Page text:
As one of those obnoxious feminists, it’s always bugged me how much of a boys’ club the metal scene can be. It’s much less so among the fans, for sure, but be honest with yourself: excluding the legions of cut-rate symphonic metal acts and battalions of woman-fronted acts in other subgenres, how many prominent non-vocalist musicians can you name of the top of your head that are women? So any time I find a band with women, or better yet, one that’s all women, that’s a sure way to perk my ears for a listen or three. Even better is what we have here; Rock Goddess is a band from back in the original NWOBHM era. Unfortunately, their youth at the time appears to have gotten them chewed up and spit out by label shenanigans (although founding bassist Tracy Lamb1 did go on to a decent stint in Girlschool). Now, over 30 years after their last album and after many attempts at past reunions, they’re back with the original lineup, ready to set the world on fire with an old-school heavy metal sound garnished with a glam rock flourish.2 Do they still have the chops to take the bull by the horns, or has the long time away from the studio (albeit not the stage, reportedly) dulled their edge too much?
Not really. The meat of the album is respectable enough in isolation, with the more aggressive material like “Two Wrongs Don’t Make a Right” or “Why Do We Never Learn” contrast nicely with the tracks between and around them like the Sweet-meets-Maiden-esque religion call-out “Calling to Space,” but it take a bit to get there. This is a particular problem given the brisk 35-minute runtime. Still, the core of the band’s sound, as on their solid debut record,3 suits relationship songs well, and the subsequent decades have matured this further; a track worth noting in this regard is album closer “Drive Me Away,” although it does repeat elements of itself a bit too much.
Unfortunately, this repetition problem permeates much of the album, with the moody “Obsessed” and warmly romantic “Flying to See You” hitting hardest after “Are You Ready?” opens the record. Said opener is Rock Goddess’ attempt at a “Back in Black” knockoff, a surging tune to kick off an album and announce a return to form that… doesn’t work. It’s far too flaccid and repetitive to have the punch it’s attempting to provide, and followed as it is by “Obsessed,” hamstrings the album’s momentum. It never really recovers, stuttering through the remainder of the runtime on fumes.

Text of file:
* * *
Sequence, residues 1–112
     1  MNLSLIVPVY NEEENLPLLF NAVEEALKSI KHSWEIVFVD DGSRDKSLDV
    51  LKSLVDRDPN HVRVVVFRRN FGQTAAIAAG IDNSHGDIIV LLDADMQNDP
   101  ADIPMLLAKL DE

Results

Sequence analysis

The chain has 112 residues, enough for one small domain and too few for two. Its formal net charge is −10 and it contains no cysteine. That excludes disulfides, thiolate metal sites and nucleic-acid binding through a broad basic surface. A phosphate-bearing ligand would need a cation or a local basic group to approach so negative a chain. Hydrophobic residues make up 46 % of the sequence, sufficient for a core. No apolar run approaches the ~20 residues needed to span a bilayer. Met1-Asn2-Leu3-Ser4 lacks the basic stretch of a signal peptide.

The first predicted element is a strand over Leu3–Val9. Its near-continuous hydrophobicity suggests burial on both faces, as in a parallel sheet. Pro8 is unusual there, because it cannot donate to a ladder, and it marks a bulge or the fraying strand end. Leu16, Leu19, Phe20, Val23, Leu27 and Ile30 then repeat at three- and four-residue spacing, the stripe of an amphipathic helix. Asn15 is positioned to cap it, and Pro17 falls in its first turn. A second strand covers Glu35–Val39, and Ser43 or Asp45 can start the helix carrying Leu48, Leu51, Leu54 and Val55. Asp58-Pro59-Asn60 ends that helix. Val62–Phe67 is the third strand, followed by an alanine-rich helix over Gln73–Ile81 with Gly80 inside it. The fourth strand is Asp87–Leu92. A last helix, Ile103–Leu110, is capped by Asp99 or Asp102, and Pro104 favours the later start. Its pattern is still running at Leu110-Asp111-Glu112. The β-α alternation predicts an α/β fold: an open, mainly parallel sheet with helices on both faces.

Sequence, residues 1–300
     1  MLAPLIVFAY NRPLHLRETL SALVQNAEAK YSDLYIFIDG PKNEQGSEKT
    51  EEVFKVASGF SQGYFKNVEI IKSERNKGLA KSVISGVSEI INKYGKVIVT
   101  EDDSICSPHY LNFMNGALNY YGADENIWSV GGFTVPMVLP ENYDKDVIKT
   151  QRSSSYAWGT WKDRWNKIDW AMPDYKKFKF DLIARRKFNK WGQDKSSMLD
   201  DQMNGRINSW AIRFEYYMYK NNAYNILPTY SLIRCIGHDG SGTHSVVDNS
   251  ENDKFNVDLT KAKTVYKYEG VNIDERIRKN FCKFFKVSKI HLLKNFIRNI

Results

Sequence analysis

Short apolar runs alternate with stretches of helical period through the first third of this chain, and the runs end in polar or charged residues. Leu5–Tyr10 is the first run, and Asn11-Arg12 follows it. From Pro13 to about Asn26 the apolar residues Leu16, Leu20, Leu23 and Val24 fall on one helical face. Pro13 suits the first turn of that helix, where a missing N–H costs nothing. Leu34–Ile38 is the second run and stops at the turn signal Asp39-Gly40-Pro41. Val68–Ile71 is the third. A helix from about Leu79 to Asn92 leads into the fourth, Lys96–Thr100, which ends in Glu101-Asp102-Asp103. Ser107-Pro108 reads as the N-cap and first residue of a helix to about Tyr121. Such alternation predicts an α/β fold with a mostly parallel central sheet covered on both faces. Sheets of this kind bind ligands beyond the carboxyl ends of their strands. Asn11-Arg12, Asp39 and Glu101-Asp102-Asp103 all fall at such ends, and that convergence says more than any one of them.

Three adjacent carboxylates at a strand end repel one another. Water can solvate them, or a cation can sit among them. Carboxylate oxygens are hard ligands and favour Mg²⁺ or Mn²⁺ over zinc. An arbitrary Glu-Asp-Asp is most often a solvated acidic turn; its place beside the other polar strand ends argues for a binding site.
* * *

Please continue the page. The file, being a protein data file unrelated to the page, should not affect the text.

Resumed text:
This is all very unfortunate, as all three ladies here offer excellent performances despite the weak material. Jody Turner, despite her apparent difficulties recapturing her songwriting inspiration, slays on the mic, alternately snarly and warm, with excellent vocal fry roughening up the whole performance. Her guitar work is similarly skilled, with a number of deft solos on display. Her younger sister Julie similarly rules the kit with notably upped game relative to their old material. The real star is Lamb, though; her bass work is warm, rich and high in the mix as it deserves, evidencing her continued work after leaving Rock Goddess in her youth. She exited the band again late last year, after This Time wrapped recording; here’s hoping newcomer Jenny Lane can inject some new energy while she’s filling Lamb’s shoes.
This Time is an album I tried very hard to like, but it’s just lacking in substance to a degree I cannot overlook. As noted, they have a new bassist that appears to be a youngster; hopefully she can help bring some new life to Rock Goddess. They rather need it.